Well-Known Member
Jan 7, 2003
Swartz creek Mi
What type of reticle would you advise to anyone starting out shooting long range.
(500 TO 1000 PLUS YARDS).
and also your choice in scopes..
Let me be the first...

Nightforce 5.5-22x56 with NP-R2 reticle.

All others need not apply!

I like the Leupold 8 1/2 X to 25X with the side wheel focus and 30 MM tube.

I also like a Dot in my view for placement on the animal or for target shooting. It works best for me.

I like a clear view of my target and the small dot allows this. I really don't like to see a bunch of circles, lines or obstruction in my field of view through the scope. Some like this, But I don't. I guess it's what you get use to.

The Leupold LR also has enough elevation clicks to get you where you want to go at the ranges you mentioned.

You can find this scope for around $650.00 in some places.
For the quality of the scope and warrenty provided, it is hard to beat in that price range or a scope of higher cost.
The optics have excellent clarity.

Darryl Cassel
Like Darryl, I don't like alot of lines and stuff which can "hide" my target. I like a fine crosshair duplex. A dot would be a great second choice. Be careful of heavy duplex crosshairs as they will cover too much of your target at long range. I am also looking into the Burris Electro dot which they put into their hunting scopes. Would be a help in low light, dark background conditions. Mil dot reticle are a great alternative too (not cluttered as other reticles and can help in quick adjustments in aiming).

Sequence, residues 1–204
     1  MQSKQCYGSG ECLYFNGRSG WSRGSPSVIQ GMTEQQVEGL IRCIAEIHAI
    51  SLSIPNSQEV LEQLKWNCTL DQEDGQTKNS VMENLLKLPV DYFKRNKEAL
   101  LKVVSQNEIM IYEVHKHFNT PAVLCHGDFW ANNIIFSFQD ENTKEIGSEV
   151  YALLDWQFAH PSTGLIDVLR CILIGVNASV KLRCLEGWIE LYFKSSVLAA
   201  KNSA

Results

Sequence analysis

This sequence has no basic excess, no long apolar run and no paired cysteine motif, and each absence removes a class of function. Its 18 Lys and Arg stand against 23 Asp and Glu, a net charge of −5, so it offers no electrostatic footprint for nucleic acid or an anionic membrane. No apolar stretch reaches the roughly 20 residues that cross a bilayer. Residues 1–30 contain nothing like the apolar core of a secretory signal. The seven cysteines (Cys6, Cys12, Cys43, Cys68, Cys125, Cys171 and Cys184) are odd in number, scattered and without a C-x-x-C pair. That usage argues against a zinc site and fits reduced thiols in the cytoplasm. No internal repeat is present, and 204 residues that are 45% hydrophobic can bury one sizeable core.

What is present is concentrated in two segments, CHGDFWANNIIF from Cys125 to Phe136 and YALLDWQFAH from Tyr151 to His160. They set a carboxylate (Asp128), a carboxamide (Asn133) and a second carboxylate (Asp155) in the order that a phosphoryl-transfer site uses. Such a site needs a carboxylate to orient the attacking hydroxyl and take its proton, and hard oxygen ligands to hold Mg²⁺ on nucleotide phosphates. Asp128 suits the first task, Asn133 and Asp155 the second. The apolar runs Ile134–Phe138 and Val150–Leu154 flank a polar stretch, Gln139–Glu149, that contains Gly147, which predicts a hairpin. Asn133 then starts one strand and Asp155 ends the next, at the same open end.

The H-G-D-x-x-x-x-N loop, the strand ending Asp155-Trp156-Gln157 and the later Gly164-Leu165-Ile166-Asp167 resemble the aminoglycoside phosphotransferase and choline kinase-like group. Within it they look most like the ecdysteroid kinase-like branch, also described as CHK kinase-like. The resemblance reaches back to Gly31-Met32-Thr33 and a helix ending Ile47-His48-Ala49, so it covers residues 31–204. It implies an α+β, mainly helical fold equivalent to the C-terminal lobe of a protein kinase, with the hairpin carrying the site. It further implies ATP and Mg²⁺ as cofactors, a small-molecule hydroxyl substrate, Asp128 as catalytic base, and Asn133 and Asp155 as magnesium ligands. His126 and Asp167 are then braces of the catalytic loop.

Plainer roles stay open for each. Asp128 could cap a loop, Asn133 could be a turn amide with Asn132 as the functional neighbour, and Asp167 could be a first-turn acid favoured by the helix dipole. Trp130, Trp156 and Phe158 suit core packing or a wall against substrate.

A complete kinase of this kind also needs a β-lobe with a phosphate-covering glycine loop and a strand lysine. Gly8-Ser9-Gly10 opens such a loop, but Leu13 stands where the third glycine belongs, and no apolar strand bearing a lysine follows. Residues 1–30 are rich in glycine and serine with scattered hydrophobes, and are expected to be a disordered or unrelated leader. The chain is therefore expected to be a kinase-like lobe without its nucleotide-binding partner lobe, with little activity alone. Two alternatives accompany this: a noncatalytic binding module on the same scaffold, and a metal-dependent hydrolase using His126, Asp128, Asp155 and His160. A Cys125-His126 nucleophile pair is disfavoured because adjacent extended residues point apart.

As to scopes, I let my budget decide. Scopes like the Nightforce are very good but muchos bucks. I lean towards the Bausch and Lomb 4000/4200series and most on this site will use Leupolds. IOR is getting popular and well priced for the features.

I personally LR hunt with my 6X24 Elite 4000 scope. I shim the scope (Burris sig rings)and base so that I have the full amount of elevation to use. There is only 26min of adjustment so shimming is a given. With most magnums, you only need 20 to 24min to get from 100yds to 1000yds. I set my scopes up with a 200yd zero and have had no problem dialing up to 1000yds. Excellent and repeatable knobs, very good optics and well priced. The other members of this product line have higher amounts of adjustment.

I also have experience with the "Tasco" super snipers from SWFA. I love my 10X for its repeatability, ruggedness, and amount of adjustment. Optics are good but not perfect. For the money, they are the best scope with over 100min of adjustment.

The next best is the new Elite 3200 10X. Very good design, compact, light, very nice mil dot reticle, pretty good optics. With about 80 min of elev. adj and under $200 retail, a great entry level scope. Mine doesn't move 1/4 MOA clicks but it is consistent and repeatable.